Practical information & advice
If you’re on licence you will normally need to get permission to travel outside the UK, but this is often given. Otherwise, there’s rarely anything stopping you from travelling abroad and you should be able to travel freely within the EU. Travelling to specific countries like America and Australia will usually require you to apply for a visa due to their specific process.
Taken from our top 10 things to know
Here you’ll find links to various parts of this site where we have information and useful resources relating to travelling abroad.
A lot will depend on the country you wish to travel to, the nature of your offence and the sentence/disposal you received. Useful links include:
- Travelling abroad – A summary [Web page]
- Travelling to specific countries [Web page with list of countries]
- Travelling while on licence [Web page]
- Travelling with on a community order [Web page]
- Travelling abroad while on the sex offenders’ register [Web page]
- Police certificates [Web page]
- Information contained on UK passports [Web page]
If you’re able to travel using the Visa Waiver Scheme (ESTA) then the process is quite simple. If you need to apply for a visa (because you have committed a crime of moral turpitude) it is slightly more complex and you should allow yourself plenty of time to apply before you travel. Useful links include:
- Simple guide [Web page]
- Detailed guide [Web page]
- Guide on the ESTA form and moral turpitude [Web page]
Here you’ll find some of the common advice that we give on travelling abroad. This is based on what we’ve learnt as a charity, as well as the real-life experiences of people with convictions.
- The process of applying for a visa to the US can be a long (and expensive) one. However, we regularly receive reports of people being successful in their applications, so if you are serious about travelling to the US, you shouldn’t be put off by the process.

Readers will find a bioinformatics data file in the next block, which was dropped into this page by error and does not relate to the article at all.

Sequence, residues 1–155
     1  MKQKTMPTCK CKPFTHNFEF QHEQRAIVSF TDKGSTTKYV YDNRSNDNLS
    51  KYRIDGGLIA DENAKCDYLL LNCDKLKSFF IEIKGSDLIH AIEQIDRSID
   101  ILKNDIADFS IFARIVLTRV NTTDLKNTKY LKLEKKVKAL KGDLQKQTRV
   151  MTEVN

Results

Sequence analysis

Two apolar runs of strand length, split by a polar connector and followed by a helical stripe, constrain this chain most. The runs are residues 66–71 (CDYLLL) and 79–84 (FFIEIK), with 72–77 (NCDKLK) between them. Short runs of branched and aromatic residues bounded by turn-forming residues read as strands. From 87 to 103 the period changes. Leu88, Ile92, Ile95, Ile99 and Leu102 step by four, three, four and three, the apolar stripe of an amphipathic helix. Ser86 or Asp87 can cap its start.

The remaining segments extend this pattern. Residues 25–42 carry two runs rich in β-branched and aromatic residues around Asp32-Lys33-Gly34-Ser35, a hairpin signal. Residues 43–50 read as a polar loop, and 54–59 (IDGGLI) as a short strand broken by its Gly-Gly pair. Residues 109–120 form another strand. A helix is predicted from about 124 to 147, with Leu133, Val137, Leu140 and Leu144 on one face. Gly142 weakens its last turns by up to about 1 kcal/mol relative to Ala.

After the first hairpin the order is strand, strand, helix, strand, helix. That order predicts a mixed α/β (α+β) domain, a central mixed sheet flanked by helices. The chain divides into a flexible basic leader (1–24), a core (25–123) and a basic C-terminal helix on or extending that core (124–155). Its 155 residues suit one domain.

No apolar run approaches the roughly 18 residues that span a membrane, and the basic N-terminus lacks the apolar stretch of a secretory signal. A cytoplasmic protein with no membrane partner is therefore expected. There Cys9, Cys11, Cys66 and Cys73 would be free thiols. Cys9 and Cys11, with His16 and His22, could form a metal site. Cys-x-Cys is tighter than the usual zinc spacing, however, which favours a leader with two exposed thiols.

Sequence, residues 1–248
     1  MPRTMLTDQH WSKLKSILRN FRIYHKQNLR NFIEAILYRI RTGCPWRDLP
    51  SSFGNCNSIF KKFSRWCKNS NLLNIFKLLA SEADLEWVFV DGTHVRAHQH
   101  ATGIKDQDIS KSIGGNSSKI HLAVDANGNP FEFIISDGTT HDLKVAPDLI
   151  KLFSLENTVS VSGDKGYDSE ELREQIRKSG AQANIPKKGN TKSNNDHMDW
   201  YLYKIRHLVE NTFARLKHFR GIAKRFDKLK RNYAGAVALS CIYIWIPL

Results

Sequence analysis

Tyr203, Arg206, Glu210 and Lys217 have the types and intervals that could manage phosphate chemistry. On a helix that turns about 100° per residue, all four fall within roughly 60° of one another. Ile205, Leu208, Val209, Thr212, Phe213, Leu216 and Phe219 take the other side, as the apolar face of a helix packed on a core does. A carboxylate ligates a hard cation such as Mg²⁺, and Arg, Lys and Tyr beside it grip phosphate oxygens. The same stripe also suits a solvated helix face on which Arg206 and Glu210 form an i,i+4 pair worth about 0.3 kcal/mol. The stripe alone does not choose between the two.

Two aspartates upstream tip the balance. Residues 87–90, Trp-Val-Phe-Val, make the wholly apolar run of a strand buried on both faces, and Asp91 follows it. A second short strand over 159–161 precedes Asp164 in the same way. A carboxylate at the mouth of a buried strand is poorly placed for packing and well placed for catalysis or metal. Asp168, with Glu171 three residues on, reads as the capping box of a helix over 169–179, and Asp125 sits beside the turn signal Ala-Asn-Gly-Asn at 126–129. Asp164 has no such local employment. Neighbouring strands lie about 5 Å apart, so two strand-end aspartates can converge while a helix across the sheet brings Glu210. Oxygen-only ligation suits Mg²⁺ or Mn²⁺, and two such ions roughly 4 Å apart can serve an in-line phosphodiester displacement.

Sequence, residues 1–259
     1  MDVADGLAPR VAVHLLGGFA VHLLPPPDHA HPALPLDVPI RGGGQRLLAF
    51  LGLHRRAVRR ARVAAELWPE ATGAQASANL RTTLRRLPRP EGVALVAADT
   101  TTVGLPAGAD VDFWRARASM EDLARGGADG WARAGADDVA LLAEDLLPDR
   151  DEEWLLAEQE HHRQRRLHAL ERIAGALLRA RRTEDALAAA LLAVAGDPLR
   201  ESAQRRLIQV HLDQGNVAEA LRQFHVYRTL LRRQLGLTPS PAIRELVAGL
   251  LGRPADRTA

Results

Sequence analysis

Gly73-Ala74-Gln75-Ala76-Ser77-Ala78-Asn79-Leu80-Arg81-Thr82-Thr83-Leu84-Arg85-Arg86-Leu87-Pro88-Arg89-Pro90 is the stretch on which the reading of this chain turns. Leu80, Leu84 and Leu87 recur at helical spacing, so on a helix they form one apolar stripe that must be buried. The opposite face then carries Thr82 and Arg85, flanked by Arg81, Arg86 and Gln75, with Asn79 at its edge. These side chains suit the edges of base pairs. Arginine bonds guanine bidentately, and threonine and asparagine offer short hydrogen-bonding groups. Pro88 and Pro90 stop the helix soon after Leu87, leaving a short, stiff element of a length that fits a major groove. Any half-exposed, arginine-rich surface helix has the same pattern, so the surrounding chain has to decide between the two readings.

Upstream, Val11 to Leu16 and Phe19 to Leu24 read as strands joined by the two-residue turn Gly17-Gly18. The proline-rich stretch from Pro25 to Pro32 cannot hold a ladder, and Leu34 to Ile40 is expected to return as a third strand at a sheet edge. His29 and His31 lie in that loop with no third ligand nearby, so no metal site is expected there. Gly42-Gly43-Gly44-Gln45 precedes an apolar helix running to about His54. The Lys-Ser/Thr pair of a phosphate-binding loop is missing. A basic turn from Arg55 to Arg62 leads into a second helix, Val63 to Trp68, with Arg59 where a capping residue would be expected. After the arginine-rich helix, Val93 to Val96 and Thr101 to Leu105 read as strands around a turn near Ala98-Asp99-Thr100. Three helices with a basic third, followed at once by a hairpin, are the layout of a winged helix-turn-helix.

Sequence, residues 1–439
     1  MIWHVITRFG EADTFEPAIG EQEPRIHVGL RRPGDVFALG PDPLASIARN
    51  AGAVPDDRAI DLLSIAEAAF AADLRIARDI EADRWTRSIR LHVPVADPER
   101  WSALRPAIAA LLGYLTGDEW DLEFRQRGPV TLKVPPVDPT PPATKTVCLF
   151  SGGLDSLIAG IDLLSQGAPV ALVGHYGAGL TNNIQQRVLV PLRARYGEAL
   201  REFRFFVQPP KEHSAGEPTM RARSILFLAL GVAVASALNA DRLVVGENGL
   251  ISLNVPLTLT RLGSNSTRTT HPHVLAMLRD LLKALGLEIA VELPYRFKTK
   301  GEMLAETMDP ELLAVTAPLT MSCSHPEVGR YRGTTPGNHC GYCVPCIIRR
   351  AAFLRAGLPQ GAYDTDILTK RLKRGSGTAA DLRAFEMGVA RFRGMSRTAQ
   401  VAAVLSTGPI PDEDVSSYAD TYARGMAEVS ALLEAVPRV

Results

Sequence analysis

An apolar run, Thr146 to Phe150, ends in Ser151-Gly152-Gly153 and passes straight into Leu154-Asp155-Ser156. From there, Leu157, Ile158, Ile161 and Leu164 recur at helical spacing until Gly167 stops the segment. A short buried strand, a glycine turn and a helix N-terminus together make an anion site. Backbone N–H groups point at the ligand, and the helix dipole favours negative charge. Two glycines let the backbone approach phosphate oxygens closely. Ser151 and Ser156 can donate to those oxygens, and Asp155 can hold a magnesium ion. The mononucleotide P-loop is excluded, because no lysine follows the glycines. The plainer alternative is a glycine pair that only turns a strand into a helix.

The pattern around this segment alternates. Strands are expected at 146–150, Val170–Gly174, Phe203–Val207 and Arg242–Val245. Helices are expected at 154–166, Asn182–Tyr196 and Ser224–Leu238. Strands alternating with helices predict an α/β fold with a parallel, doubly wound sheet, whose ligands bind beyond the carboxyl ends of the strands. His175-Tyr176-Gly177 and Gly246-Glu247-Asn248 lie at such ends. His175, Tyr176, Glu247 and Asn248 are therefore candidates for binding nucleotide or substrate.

- Nevertheless, people with convictions travel to the US on a daily basis, choosing to lie on the ESTA process (i.e. declaring that they’ve never been arrested or convicted) instead of applying for a visa, and are generally able to travel with no difficulties. However, our experience suggest that this option is only really suitable for people who are willing to take this risk, as it is technically a criminal offence, and for most people choosing to go to the US for a leisurely holiday, it is not normally a risk that people wish to take.
Frequently asked questions
Here you’ll find some specific questions that we regularly get about travelling abroad and the answers we generally provide. More detailed FAQ’s may be included in the information pages above.
‘No Live Trace’ means that there is criminal record information held on the Police National Computer but it has been ‘stepped down’. Anyone who sees this, can see that you have a criminal record from your past, even if they can’t see details.
See more about how ‘No Live Trace’ might be used by agencies such as the US Embassy on our information on police certificates.
If your information is held in the UK, you are covered by the Data Protection Act, so you can apply for the information they hold on you from that country’s embassy.
If you returned to the UK, your licence would start again and you would be liable for recall to prison for the length of time you have left on licence.
Here you’ll find links to useful organisations and websites related to travelling abroad that we refer to in our information and advice. Contact details for the organisations listed below can be found here.
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Key sections include:
- Travelling to the USA – Applying for a visa and travelling on an ESTA
- Travelling to Europe
- Travelling to the rest of the world
- Travel documents – Police certificates and passports